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Cosmetic Modification (Interior/Exterior/Lighting) Discussions about cosmetic mods.


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Old 05-28-2020, 05:24 PM   #1
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Painting calipers

I'm planning to paint my brake calipers, front and rear. I plan to fully remove them so I can do a very high quality job. What is the best procedure for a clear, glossy finish that is as permanent as possible? Please chime in with paint recommendations, procedures, anything helpful. I have access to to an ultra sonic cleaner as well.
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Old 05-28-2020, 05:43 PM   #2
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Clear glossy finish .. my guess is that you'll have LOT of sanding to do at surface preparation stage, due rather rough surface of OE calipers.
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Old 05-28-2020, 05:47 PM   #3
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If I was going to paint my stock calipers I'd probably do a bead-blast and then use a silver hammer Rust-Oleum aerosol. I'd avoid the bright primary colors-it would look super tacky. They're stock calipers after all. I've given this some thought because I dislike how the raw aluminum castings look stained all the time. I doubt I'll ever do it though. good luck.
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Old 05-28-2020, 06:20 PM   #4
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If I was going to paint my stock calipers I'd probably do a bead-blast and then use a silver hammer Rust-Oleum aerosol. I'd avoid the bright primary colors-it would look super tacky. They're stock calipers after all. I've given this some thought because I dislike how the raw aluminum castings look stained all the time. I doubt I'll ever do it though. good luck.

Just in case this helps anyone, use appropriate paint for your calipers. They can get really really hot and generic all purpose paint will break down at those temps. Paints specifically made for calipers are tested at up to 1000F, but honestly any high heat paint is better than a can of rustoleum from Home Depot.
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Old 05-28-2020, 06:36 PM   #5
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Just in case this helps anyone, use appropriate paint for your calipers. They can get really really hot and generic all purpose paint will break down at those temps. Paints specifically made for calipers are tested at up to 1000F, but honestly any high heat paint is better than a can of rustoleum from Home Depot.
Thanks! I guess I just thought it was high-temp because it had that enameled machinery finish. I used to use it on small engine parts that didn't seem like they were worth the cost to powdercoat. The last thing I used it on was the cast aluminum engine belt cover on my 2.0l Fiat twin-cam. Not exactly red hot.

About fifteen years ago I purchased 5 lbs of Cardinal red hammer powdercoat to do mounts, brackets, and valve-covers on my 1st-gen Celica coupes and I think I just fell in love with that industrial hammer finish back then.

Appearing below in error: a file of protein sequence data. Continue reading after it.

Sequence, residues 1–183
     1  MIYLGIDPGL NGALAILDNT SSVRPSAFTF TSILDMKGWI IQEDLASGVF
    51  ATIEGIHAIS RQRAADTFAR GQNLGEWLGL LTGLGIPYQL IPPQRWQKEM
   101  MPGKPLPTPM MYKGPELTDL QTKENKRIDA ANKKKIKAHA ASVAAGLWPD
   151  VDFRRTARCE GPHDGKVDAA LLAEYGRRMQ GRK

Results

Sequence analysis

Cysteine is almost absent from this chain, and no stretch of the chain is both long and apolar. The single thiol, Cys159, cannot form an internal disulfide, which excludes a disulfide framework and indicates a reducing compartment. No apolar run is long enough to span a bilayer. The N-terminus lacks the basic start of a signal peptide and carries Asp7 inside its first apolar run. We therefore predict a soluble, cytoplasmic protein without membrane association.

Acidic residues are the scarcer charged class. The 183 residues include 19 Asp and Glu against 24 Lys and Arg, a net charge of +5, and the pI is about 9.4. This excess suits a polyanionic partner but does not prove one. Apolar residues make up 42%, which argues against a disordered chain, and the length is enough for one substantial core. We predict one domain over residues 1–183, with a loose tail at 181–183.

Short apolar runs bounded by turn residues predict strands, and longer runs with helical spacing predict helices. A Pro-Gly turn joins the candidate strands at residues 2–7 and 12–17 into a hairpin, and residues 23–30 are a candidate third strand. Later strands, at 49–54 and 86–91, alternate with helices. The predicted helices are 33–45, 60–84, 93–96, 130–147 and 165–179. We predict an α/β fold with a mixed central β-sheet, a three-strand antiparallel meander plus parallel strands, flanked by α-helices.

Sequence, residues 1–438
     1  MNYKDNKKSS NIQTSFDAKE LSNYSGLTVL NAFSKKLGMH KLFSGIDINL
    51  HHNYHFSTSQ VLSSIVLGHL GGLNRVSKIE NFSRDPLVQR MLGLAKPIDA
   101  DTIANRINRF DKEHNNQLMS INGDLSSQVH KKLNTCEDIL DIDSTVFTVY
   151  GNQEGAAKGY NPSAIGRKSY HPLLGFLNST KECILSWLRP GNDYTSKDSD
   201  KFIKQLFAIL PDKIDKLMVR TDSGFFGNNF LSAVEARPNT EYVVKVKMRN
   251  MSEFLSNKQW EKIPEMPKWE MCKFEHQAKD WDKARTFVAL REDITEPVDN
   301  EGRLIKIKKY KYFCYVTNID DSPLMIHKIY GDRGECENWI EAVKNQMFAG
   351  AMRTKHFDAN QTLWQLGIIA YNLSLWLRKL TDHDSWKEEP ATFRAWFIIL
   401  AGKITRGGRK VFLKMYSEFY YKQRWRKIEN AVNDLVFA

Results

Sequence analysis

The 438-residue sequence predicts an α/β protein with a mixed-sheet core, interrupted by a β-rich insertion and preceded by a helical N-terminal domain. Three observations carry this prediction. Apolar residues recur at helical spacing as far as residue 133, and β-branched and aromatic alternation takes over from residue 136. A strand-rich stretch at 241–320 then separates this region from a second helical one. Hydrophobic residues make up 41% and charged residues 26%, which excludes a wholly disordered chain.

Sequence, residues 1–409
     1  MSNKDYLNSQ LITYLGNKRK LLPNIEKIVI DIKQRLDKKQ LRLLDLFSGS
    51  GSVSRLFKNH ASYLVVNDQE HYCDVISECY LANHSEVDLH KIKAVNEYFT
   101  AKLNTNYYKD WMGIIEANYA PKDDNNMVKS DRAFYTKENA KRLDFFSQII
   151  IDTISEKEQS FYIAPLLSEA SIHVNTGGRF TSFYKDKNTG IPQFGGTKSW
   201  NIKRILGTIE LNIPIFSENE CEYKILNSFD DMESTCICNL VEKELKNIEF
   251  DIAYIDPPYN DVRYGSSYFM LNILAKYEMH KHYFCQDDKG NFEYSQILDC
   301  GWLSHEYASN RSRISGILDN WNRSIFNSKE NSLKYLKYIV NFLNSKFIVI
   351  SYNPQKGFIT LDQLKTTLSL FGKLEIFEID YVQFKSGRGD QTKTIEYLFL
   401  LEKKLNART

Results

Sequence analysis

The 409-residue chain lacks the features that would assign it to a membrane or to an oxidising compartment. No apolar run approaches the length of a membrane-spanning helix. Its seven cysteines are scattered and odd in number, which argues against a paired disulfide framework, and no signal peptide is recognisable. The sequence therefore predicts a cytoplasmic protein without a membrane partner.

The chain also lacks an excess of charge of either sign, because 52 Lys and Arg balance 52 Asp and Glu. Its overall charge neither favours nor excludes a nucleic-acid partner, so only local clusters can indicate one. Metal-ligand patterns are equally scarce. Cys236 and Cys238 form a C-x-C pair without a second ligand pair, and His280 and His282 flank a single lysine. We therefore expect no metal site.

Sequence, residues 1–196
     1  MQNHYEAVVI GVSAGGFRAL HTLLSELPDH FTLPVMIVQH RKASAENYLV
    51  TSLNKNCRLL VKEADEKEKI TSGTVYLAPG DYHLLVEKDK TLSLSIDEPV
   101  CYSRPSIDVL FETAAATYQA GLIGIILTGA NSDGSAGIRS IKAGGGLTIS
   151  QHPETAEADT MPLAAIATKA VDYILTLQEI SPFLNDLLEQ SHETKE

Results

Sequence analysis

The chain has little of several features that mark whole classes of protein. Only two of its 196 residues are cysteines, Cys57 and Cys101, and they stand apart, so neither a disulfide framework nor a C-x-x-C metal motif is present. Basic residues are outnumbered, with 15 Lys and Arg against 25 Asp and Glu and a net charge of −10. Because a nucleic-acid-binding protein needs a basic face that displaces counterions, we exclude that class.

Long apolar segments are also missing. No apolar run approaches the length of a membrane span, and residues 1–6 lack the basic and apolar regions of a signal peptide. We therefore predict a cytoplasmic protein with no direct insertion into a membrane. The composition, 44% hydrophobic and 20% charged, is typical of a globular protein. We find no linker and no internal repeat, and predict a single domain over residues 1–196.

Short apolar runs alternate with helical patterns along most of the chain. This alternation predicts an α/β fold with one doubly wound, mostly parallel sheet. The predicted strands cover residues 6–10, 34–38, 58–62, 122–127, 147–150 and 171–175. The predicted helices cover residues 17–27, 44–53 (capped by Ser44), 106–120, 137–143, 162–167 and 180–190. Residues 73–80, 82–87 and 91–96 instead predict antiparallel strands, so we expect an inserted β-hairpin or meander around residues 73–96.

Can calipers be powder-coated or ceramic-coated? Can the internals be separated from the castings? Can the internals withstand the oven temps? I've never done brakes but the more I think about it, the more I'm thinking that might be a good Covid project.
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Old 05-28-2020, 08:06 PM   #6
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You have a few options.

Given you are in Cali and rust isn't an issue, I'd suggest g2 caliper paint. It's an epoxy based paint which covers WAY better than aerosol stuff. It also will be more durable and it looks great.

I literally just finished doing this project this past weekend. I went with POR-15 caliper kit which includes their rust stopper. For me being in the rust belt it was what edged it out for me. The caliper paint it self is also very good.

I can suggest my procedure, take it for what's its worth. I used a wire brush on a drill to knock anything lose from the surface. Clean everything with a strong degreaser, and then a metal prep to etch the metal.

If you are fully removing the caliper then actual painting should be quite simple. I did everything while the caliper hose was attached. Painted the underside first then reassembled the next morning, and painted the outside. Take time and mask off the areas where the brake pad and hardware sits. If you paint over those areas you'll need to go back and sand them down to bare metal.


Here were some shots from the passenger side after two coats of the black sealer and two of the caliper paint.
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Old 05-28-2020, 08:39 PM   #7
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Thanks! I guess I just thought it was high-temp because it had that enameled machinery finish. I used to use it on small engine parts that didn't seem like they were worth the cost to powdercoat. The last thing I used it on was the cast aluminum engine belt cover on my 2.0l Fiat twin-cam. Not exactly red hot.

About fifteen years ago I purchased 5 lbs of Cardinal red hammer powdercoat to do mounts, brackets, and valve-covers on my 1st-gen Celica coupes and I think I just fell in love with that industrial hammer finish back then.